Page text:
In the history of the National Basketball Association (NBA), there have been a lot of players who were known in their careers for their amazing statistics. Their ability to lead their respective franchise to championships and their ability to change the game by how they displayed their incredible skills. We have also had players, particularly some who helped establish roots of the league when it first began have an impact by just getting drafted and stepping onto the pro hardwood. There was a time when just certain people of color were allowed to even play in the league. That was until 1950 when an Alexandria, VA native stepped into the league and made a dream for those who watched a reality. Last Thursday, this Hall of Famer who became the Jackie Robinson of the NBA said goodbye.
Hall of Fame forward Earl Lloyd Washington Capitols passed away at the age of 86 in Crossville, TN. Lloyd is survived by his wife Charlita. They had three sons and four grandchildren.
“The NBA family has lost one of its patriarchs,” NBA Commissioner Adam Silver said in a statement this past Friday. “Earl Lloyd, the first African-American to play in an NBA game, was as inspirational as he was understated, He was known as a modest gentlemen who played the game with skill, class, and pride. His legacy survives in the league he help integrate, and the entire NBA family will strive to always honor his memory. Our deepest condolences to the Lloyd family.”
Born on Apr 3, 1928 in Alexandria, VA Lloyd basketball journey played collegiately at West Virginia State College Yellow Jackets, a Division II school from 1946-1950. Lloyd made his name on the team at the defensive end and helped guide his team to two Central Intercollegiate Athletic Association (CIAA) Conference and Tournament titles in 1948 and 1949. He was named to three All-Conference teams (1948-50) and was named two-time All-American.
In his senior season, Lloyd averaged 14 points and eight rebounds per contest and led West Virginia State to a second place finish in the CIAA Conference and Tournament Championship. Lloyd’s amazing college career led him to be named the CIAA “Player of the Decade” for the 1940s.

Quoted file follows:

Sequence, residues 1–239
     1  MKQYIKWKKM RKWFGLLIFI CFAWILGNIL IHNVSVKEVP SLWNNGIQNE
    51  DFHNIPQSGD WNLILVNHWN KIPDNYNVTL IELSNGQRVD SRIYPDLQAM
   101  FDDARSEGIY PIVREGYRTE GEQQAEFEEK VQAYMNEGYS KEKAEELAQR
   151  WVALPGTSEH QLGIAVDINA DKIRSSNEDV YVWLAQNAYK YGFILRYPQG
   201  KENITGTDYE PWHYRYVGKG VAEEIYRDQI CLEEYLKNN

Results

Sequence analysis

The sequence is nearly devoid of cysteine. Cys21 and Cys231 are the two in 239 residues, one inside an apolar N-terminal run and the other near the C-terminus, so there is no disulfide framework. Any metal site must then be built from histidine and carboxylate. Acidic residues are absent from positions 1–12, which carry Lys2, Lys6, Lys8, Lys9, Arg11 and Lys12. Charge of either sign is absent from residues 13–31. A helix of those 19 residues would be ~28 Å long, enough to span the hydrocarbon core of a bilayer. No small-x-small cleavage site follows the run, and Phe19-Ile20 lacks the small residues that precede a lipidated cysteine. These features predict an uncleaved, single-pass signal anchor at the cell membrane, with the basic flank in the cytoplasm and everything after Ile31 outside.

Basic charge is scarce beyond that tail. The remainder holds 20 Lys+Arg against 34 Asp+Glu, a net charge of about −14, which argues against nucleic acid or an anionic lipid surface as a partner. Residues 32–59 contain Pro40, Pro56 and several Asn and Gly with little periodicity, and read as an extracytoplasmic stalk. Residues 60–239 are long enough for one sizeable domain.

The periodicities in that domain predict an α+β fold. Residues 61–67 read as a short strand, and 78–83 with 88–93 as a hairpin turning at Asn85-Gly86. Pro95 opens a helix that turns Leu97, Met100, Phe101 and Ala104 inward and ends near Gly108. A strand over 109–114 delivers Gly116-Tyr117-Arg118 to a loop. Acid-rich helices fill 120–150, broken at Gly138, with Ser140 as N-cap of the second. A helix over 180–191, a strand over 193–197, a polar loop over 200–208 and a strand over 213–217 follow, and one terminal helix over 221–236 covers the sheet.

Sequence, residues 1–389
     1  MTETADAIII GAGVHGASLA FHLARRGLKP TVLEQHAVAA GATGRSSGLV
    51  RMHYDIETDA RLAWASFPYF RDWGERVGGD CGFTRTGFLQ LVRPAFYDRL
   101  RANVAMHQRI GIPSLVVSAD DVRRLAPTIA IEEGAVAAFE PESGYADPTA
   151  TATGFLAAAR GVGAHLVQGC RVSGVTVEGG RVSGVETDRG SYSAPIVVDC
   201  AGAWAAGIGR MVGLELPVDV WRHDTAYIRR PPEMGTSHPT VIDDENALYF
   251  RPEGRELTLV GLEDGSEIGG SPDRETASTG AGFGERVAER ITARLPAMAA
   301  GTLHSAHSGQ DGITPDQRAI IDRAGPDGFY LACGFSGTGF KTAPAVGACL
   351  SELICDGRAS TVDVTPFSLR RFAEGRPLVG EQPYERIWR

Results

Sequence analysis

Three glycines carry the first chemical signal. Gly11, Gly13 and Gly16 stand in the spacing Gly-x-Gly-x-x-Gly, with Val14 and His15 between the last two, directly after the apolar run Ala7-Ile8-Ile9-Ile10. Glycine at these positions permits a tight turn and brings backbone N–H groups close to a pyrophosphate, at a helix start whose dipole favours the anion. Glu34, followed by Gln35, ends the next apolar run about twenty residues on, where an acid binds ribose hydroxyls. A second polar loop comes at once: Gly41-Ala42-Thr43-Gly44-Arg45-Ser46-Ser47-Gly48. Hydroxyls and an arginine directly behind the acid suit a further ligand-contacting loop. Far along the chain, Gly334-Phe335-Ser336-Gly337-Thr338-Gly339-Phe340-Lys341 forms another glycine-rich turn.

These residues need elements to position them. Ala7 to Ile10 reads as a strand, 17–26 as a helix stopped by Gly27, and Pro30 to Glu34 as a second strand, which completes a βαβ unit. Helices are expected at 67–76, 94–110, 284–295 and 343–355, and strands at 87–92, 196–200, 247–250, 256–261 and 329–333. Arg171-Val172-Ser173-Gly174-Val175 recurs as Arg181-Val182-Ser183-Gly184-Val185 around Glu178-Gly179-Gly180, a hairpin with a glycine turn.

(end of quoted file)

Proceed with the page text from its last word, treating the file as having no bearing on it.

“The State mourns the loss of a fellow Yellow Jacket and trailblazer who was a true champion both on and off the basketball court,” West Virginia president Brian Hemphill said in a statement last week. “When Earl stepped on the court on that fateful date of 1950, this remarkable man rightfully earned his place in the historic civil rights movement and, more important, he opened the door to equality in America.”
He was the 100th overall selection in the ninth round of the 1950 NBA draft by the Washington Capitols.
Lloyd made his NBA debut on Halloween in 1950 becoming the first African-American to play in the NBA.
As mentioned earlier, this was a dream to most people because this was a time of segregation. When African-Americans were seen a less than their Caucasian counterparts. Everything was segregated from where you eat or get a drink of water from the water fountain. Just looking at a Caucasian person was considered suicide.
Just stepping onto a professional basketball court, the National Basketball Players Association in an ESPN.com article called Lloyd, “a leader, a pioneer, a solider.”
“To be honest, it was sort of uneventful. Plus, in the winter time in Rochester [NY] it’s too cold to hate anybody,” Lloyd said in an interview back in 1995. “Most of the problem I had were with fans. You’re going to fall to pieces because somebody call you a name. You got to be bigger than that.”
Lloyd was bigger than that and in his career he time and time again used a set back and used it a fuel to prepare for the next opportunity.
After playing just seven games for the Capitols before the team folded on Jan. 9, 1951, Lloyd went into the U.S. Army where he was stationed at Fort Sill in Lawton, OK.